|Publication number||US4238778 A|
|Application number||US 05/832,286|
|Publication date||Dec 9, 1980|
|Filing date||Sep 12, 1977|
|Priority date||Sep 12, 1977|
|Publication number||05832286, 832286, US 4238778 A, US 4238778A, US-A-4238778, US4238778 A, US4238778A|
|Original Assignee||Kinya Ohsumi|
|Export Citation||BiBTeX, EndNote, RefMan|
|Patent Citations (13), Referenced by (79), Classifications (8)|
|External Links: USPTO, USPTO Assignment, Espacenet|
This is a continuation-in-part of application Ser. No. 634,164, filed Nov. 21, 1975, now abandoned.
This invention relates generally to a system for warning a motor vehicle driver of the approach of an emergency motor vehicle and, more particularly, to an electronic transmitter-receiver system wherein a warning signal receiver associated with a motor vehicle to be warned receives a radio frequency warning signal transmitted by a warning signal transmitter associated with an approaching emergency motor vehicle.
In order to assure right of way to approaching emergency motor vehicles, such vehicles are equipped with audible and visual warning devices such as sirens and flashing red lights. Other motor vehicles proximate to an approaching emergency motor vehicle can take appropriate action to provide a safe right of way for the emergency vehicle, once the drivers of these other vehicles are aware of the siren and/or flashing lights of the approaching emergency vehicle.
A timely warning especially depends upon a driver's ability to hear an emergency vehicle siren which is external to and disconnected from the passenger compartment of the vehicle to be warned. Improved vehicle construction with respect to soundproofing, and increased ambient noise within the passenger compartment due to car radios and stereos, ventilation fans, and the like, have made it more difficult for the driver to hear the audible siren warning of an approaching emergency vehicle, thus increasing the probability that a clear right of way may be delayed for the emergency vehicle. Further, a dangerous traffic condition can arise where an unwarned driver obstructs an emergency vehicle which is often traveling at high speed.
The present invention provides an electronic transmitter-receiver system which includes a warning signal receiver associated with a motor vehicle to be warned of an approaching emergency motor vehicle, and a transmitter associated with the approaching emergency motor vehicle.
In accordance with the present invention, the warning signal receiver is active whenever its associated motor vehicle is operating. The transmitter associated with the approaching emergency motor vehicle emits a warning signal at a predetermined radio frequency, preferably in the VHF or UHF range. In accordance with a preferred embodiment of the present invention, the transmitter is of relatively low power and has a limited effective range. The receiver, tuned to the predetermined radio frequency, detects the transmitted warning signal when the emergency motor vehicle and the motor vehicle to be warned are within approximately 100 meters of each other. In response to the received radio frequency warning signal, the receiver emits an audible warning within the passenger compartment of the associated motor vehicle thus alerting the driver.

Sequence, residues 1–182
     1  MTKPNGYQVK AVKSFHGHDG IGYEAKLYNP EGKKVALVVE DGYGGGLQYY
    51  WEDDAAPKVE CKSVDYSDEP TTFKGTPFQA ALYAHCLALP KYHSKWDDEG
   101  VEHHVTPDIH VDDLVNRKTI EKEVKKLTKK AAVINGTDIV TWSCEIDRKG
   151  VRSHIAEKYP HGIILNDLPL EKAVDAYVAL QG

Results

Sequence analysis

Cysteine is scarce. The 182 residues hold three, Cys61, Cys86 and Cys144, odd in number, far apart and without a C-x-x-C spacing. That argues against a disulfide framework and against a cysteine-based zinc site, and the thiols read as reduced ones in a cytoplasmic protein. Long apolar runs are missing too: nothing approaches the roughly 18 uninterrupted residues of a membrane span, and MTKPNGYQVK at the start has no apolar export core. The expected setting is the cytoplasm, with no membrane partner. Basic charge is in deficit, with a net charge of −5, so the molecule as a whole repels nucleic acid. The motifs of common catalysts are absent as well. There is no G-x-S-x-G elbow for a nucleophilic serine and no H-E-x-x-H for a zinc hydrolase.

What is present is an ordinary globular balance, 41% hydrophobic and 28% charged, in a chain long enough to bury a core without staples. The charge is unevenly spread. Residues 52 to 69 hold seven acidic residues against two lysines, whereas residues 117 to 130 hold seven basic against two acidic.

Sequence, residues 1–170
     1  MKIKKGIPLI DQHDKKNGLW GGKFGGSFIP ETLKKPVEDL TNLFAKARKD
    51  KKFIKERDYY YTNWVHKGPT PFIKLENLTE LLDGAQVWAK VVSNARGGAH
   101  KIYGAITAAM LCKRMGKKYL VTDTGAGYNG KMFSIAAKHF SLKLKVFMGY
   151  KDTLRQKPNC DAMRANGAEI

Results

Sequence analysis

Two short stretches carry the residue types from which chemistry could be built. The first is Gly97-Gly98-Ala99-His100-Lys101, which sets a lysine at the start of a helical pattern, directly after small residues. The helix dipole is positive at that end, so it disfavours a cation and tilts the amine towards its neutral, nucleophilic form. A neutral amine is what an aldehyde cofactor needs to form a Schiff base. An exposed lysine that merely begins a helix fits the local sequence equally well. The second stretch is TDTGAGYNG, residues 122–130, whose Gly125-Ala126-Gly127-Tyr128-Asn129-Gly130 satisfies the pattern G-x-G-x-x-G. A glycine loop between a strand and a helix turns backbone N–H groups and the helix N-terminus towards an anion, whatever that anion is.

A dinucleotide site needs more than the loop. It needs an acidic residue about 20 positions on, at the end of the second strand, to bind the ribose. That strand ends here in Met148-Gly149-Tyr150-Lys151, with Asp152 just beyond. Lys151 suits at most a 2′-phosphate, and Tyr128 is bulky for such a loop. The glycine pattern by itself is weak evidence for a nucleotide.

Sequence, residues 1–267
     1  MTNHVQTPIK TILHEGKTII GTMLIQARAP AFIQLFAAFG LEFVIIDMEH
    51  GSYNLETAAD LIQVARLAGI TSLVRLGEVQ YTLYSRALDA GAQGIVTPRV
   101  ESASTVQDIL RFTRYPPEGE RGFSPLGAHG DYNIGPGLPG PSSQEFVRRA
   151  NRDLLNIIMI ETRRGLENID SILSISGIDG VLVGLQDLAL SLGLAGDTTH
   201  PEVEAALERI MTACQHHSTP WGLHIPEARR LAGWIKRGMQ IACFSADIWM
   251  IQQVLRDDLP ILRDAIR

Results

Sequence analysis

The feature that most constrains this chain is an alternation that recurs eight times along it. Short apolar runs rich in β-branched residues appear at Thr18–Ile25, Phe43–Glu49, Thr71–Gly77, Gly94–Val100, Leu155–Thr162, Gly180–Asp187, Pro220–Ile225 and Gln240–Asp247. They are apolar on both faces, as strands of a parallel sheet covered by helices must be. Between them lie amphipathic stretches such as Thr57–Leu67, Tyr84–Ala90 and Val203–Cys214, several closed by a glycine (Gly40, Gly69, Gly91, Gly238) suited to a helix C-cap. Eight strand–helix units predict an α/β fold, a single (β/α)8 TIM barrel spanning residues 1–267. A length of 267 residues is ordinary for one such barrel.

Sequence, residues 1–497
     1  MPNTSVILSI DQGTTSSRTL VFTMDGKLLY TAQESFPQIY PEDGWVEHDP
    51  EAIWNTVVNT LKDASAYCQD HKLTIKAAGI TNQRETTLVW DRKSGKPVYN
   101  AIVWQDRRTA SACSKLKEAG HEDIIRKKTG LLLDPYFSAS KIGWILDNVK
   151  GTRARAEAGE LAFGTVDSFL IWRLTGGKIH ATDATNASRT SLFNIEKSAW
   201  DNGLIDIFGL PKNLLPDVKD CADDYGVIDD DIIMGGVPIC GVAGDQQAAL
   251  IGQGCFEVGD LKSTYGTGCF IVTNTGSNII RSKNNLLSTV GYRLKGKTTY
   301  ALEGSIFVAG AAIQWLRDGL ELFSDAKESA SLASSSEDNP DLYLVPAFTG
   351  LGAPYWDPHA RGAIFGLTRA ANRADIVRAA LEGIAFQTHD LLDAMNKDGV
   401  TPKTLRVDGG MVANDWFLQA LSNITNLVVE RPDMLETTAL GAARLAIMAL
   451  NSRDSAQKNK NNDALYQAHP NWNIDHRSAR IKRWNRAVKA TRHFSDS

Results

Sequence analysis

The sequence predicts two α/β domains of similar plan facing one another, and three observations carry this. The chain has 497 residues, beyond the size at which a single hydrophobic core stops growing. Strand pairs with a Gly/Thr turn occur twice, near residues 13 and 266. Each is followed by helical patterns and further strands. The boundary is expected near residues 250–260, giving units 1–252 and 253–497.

The audible warning emitted by the radio receiver varies in intensity as a function of the distance between the emergency motor vehicle equipped with the transmitter and the motor vehicle to be warned equipped with the receiver, such that the audible warning increases in intensity as the distance between the transmitter vehicle and receiver vehicle decreases. Such a feature allows the driver to advantageously sense the approach distance of the emergency vehicle due to the varying intensity of the audible warning signal.
In accordance with the present invention, the receiver further includes switching means arranged to disable other sound producing devices within the passenger compartment of its associated motor vehicle, such as a radio, ventilating fan, or the like, during the period in which a warning signal transmission is being received. This feature serves to reduce the ambient noise within the passenger compartment thus enhancing the driver's ability to hear the audible warning emitted by the receiver.
These and other features of the invention are incorporated in the preferred embodiment of the invention shown in the drawing wherein:
FIG. 1 illustrates in block diagram form an emergency vehicle equipped with a warning signal transmitter and a vehicle equipped with a warning signal receiver according to the present invention.
FIG. 2 illustrates in block diagram form a warning signal transmitter in accordance with the present invention.
FIG. 3 illustrates in block diagram form a warning signal receiver in accordance with the present invention.